EXCLUSIVE: Sony’s surprise decision to double back and release The Interview in limited fashion on Christmas Day has exhibitors in a rage, and it sure looks like it is going to take them a long time to get over it. After Sony canceled the December 25 bow, pulled its advertising and began scrapping billboards, exhibitors filled the screens with other pictures. Led by Sony chief Michael Lynton, the studio — and President Obama — are waving the pompoms and making the release of this movie, on probably one-tenth of the original screen count, sound like a victory against terrorism. It’s a peculiar stance. Most feel that Sony’s handling of this crisis has been schizophrenic all the way through, and while some might patronize The Interview as their testament they will stand up to terrorism, censorship and evil, what is going to happen when they realize it’s a silly comedy on the order of Hot Shots! and its sequel, which featured Saddam Hussein as a character who was killed? The Interview replaces Hussein with Kim Jong-un. That appears to be exactly what is in store here, as opposed to a hot-button prestige message movie like Zero Dark Thirty or Argo.
Sony’s eleventh-hour decision to change course, yet again, and release in limited fashion — we’re hearing there might be 100 theaters — has left heads of the the major chains completely frustrated. Many theaters want no part of this, and we hear that the little guys who do are miffed that Sony came back to them with aggressive split terms, with exhibitors on their own if they want to add security. Sony was already on the last nerve of these theater execs, who were infuriated that the studio didn’t have the courage to simply cancel the picture when it received bomb threats by the North Korea-backed hackers who’d brought Sony Pictures to its knees by airing the dirty laundry emails of Sony Pictures execs through bottom-feeding media outlets. Sony positioned theater owners to take the collar for damaging free speech, because the theaters were the ones left liable for damage and safety of its patrons and even though Homeland Security discounted the threat, there was no getting around the fact, even if some crackpot hurt someone, everybody had been forewarned.
We’ve heard from exhibitors that days ago, Sony was back c-hannel imploring them to cancel the film so that the studio wouldn’t have to be seen caving to terrorists. Now, everybody expects this small theater rollout to accompany a VOD rollout, possibly the same day. We are awaiting news on that front. This would destroy the film’s theatrical viability and would further infuriate NATO and major theater owners, who don’t participate in that part of the program. That, and the simple ridiculousness of expecting to change Christmas plans so close to the date, are creating the kind of anger no one should feel in the middle of the holiday season.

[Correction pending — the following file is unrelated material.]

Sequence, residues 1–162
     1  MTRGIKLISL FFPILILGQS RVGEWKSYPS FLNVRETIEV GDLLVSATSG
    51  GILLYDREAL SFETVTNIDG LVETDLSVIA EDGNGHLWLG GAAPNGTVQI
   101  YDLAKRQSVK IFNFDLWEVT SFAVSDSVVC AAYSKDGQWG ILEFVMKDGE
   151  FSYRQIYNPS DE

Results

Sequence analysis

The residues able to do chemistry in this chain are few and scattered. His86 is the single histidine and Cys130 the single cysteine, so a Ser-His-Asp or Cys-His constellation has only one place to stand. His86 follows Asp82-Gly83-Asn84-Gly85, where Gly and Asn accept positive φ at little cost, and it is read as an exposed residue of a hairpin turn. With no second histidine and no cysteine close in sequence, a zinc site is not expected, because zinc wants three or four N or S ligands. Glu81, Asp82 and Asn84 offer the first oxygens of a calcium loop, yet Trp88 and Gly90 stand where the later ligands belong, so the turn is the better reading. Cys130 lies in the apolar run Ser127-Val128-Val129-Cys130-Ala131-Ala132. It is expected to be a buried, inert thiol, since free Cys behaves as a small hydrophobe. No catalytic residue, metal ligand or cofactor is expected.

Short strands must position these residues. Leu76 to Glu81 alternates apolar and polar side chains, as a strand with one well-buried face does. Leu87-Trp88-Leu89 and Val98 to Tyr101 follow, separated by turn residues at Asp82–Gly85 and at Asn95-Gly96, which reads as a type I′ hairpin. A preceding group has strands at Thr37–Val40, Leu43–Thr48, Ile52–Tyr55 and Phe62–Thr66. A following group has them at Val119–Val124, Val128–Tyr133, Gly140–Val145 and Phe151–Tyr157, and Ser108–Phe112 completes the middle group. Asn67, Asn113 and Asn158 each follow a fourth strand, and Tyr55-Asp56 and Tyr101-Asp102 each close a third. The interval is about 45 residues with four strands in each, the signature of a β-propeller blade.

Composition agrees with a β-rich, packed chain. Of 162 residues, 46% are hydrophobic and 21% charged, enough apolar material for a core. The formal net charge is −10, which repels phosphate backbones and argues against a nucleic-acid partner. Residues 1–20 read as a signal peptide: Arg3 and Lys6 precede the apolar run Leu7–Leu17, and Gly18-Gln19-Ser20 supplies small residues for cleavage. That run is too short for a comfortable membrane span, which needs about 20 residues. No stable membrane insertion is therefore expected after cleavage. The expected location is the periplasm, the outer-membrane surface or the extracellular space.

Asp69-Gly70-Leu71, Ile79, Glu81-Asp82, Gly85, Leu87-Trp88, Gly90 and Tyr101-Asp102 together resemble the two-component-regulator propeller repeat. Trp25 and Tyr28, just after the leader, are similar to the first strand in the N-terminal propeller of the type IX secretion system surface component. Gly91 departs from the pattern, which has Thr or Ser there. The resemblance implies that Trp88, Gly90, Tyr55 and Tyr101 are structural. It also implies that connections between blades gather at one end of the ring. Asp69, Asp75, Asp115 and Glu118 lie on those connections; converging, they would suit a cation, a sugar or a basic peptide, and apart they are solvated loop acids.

Here’s an example of one unhappy camper, the Landmark Theatres chain: “Landmark Theatres has no plans to play The Interview,” the chain relayed in a statement. “Our theaters have been fully booked for months as there is an enormous amount of film already in the marketplace in addition to six new films opening on Christmas Day. It would never occur to us not to honor our existing commitments to our distribution partners during one of the busiest times in the year.”
Even though most are not yet speaking on the record, they are forming a line, on background.
“This is another misstep for Sony,” an exhibition source told Deadline. “Releasing it simultaneously on VOD is against the clear desire of the theater owners. This is going to be another thing that Sony is going to have to repair with exhibition, especially after Sony threw theater owners under the bus last week when they blamed the theaters for pulling the wide release. Theater owners had asked for a delay so that they could address the security issues, and Sony pulled the release. And when President Obama criticized Sony, their response was to blame theater owners.”
The source acknowledged that the ever-unfolding drama surrounding the film has been unprecedented and that there is “no playbook” for a situation like this, but he suggested that Sony’s handling of the matter is “the anti-playbook.”
Security, he said, is still a big concern for the theater owners – if not from North Korea, then for some lone nut with a gun – and that “security is something Sony should address.”
Some are speaking up: Bill Barstow, whose Main Street Theatres had planned to make room for the film, now is leaning against showing it. “Security is a big deal,” he said. “How do we get security on Christmas Day on such short notice?”
Barstow said that adding a film to his screens on such late notice also creates a “logistical nightmare.” To show The Interview would mean having to take another film out of his lineup, and “on such late notice, that creates problems for other distributors.”
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